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Eric Davis: Trump makes an empty cancer-cure promise

At his campaign’s kickoff rally in Orlando, Fla., earlier this month, President Trump said that, if he is re-elected, “We will come up with the cures to many, many problems, to many, many diseases, including cancer.” This statement is worth unpacking on several levels.
First, there is no simple, one-size-fits-all “cure” for cancer. Cancer is many different, although often related, diseases. As Philip Kantoff, M.D., the chair of medicine at Memorial Sloan Kettering Cancer Center in New York told Kaiser Health News, “One cannot rightfully say, ‘In the next five years, we’re going to cure cancer,’ because cancer is so many different diseases.” 
Individual cancers mutate differently, sometimes due to the nature of the cancerous cells themselves, sometimes due to differences in the individuals in which those cancerous cells are present. The best therapy for one person’s cancer may not work in another person with pretty much the same disease.
So, with cancer such a complex biological phenomenon, one would expect that a president who wants to “cure cancer” within five years would be supporting substantial increases in federally funded scientific research, both to explore the processes leading to the development and growth of cancers, and to support a wide range of experimental treatments. The record of the Trump Administration’s budget proposals indicates exactly the opposite.
In March, President Trump’s proposed federal budget for fiscal year 2020 included a 12 percent decrease in funding for the National Institutes of Health. The budget for the National Cancer Institute for 2020 would be cut by 19 percent under Trump’s proposal. In fact, all of the budgets President Trump has submitted to Congress since he was inaugurated have included substantial cuts in federal health research spending. 
There is wide support for the National Institutes of Health and the National Cancer Institute on Capitol Hill, among Republicans as well as Democrats. While the Congressional budget process has been messy for the past three years, none of the budgets passed in that time have included the cuts in health research spending that the Trump Administration proposed. However, because this spending is appropriated on a year-to-year basis, scientists working on cancer-related research projects face continual uncertainty regarding the extent and duration of federal support for their activities.
One of the best ways of reducing the incidence of cancer and complications resulting from it is to encourage early detection and treatment. This requires that the persons being screened have health insurance coverage. While the number of Americans with health insurance coverage increased in most states following the passage of the Affordable Care Act in 2010, that trend has reversed itself since Trump took office. In 2018, 700,000 more Americans were uninsured than in the preceding year.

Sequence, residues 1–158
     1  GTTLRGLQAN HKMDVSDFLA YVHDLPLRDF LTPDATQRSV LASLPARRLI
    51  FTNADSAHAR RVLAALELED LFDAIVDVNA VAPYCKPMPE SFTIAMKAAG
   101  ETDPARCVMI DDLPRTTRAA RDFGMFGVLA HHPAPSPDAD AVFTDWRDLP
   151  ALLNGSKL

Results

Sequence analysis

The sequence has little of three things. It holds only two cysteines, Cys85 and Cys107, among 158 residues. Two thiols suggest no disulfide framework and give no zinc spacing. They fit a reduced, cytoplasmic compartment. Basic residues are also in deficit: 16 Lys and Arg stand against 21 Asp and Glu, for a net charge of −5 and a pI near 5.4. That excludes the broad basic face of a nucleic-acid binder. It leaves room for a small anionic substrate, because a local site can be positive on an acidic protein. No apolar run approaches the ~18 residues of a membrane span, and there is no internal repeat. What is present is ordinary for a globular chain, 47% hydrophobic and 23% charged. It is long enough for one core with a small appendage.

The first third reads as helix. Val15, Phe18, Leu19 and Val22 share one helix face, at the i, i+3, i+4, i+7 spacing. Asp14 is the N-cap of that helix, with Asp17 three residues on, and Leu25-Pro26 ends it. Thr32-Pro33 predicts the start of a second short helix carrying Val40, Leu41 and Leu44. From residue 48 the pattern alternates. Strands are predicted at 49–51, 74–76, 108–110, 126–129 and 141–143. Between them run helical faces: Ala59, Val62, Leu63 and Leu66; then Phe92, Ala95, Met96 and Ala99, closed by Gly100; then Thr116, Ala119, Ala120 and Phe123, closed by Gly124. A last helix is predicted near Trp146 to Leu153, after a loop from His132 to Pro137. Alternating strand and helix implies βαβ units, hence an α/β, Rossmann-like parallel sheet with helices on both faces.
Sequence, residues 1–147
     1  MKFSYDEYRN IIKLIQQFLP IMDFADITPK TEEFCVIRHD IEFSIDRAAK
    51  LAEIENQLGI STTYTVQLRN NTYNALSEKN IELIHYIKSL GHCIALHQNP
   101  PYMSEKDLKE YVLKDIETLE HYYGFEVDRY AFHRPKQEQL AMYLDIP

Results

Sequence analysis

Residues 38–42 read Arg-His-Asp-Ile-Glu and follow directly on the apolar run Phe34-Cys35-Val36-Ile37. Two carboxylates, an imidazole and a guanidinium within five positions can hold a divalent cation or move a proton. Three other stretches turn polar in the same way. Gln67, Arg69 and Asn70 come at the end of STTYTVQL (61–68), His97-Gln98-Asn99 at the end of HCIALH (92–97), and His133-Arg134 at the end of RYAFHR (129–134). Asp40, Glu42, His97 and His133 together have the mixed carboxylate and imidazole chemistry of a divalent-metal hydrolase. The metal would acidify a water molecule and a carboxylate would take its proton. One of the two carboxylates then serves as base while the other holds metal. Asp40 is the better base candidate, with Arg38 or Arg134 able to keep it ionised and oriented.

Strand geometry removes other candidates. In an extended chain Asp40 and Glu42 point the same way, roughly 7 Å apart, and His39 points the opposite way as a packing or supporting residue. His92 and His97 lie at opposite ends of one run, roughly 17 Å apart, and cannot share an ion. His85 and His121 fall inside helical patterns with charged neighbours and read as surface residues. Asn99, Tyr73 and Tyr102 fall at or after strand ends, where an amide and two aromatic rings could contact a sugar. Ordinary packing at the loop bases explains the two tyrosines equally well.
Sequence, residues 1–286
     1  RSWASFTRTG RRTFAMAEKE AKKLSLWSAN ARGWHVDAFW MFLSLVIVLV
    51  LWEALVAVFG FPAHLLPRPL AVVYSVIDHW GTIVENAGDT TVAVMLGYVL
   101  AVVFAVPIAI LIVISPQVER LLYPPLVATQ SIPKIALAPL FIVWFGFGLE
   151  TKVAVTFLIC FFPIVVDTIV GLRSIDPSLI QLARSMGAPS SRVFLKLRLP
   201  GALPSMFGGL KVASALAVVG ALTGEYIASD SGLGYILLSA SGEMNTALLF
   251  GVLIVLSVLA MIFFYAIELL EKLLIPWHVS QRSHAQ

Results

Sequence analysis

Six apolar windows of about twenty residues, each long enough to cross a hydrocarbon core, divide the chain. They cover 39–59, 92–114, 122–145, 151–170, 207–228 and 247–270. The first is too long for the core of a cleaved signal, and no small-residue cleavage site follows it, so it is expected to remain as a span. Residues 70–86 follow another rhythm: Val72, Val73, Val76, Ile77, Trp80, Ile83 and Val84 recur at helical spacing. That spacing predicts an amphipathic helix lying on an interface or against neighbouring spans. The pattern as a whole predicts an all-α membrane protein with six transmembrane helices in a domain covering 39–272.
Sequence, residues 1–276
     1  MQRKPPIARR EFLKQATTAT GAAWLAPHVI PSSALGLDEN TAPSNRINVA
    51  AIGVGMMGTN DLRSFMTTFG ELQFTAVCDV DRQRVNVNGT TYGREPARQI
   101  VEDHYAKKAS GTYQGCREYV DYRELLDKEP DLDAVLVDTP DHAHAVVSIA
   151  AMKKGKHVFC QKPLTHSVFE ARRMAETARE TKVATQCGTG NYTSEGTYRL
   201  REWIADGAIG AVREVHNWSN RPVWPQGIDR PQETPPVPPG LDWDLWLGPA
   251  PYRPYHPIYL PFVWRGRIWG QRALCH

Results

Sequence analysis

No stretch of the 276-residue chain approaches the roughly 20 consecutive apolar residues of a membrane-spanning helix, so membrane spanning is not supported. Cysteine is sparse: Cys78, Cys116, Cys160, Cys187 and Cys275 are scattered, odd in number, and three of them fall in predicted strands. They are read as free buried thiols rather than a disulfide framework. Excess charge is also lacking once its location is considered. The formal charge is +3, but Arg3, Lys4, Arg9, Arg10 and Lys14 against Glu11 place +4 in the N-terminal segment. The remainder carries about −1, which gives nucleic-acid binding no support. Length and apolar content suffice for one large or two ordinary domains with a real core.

Trump also wants to roll back expansions in Medicaid that were part of the ACA. Research in those states that have expanded Medicaid in the last seven years indicates that the number of people screened for breast and colon cancers, in particular, has substantially increased due to the expanded Medicaid coverage.
President Trump and Attorney General Barr are also supporting a challenge to Obamacare that is pending in the Fifth Circuit Court of Appeals in Texas. The Administration’s position in this lawsuit would eliminate almost all of the protections that have been available to persons with pre-existing conditions — including cancer — since the ACA went into effect. While Trump has said he wants insurance to cover pre-existing conditions, the Administration has not given any indication that it plans to develop a substitute for Obamacare, should the pre-existing conditions protections be struck down in court.
In sum, the Trump Administration’s actions — on the budget and in the federal courts — are not at all consistent with the claims about “curing cancer” that the President made in his campaign speech. Is this at all surprising?
Eric L. Davis is professor emeritus of political science at Middlebury College.

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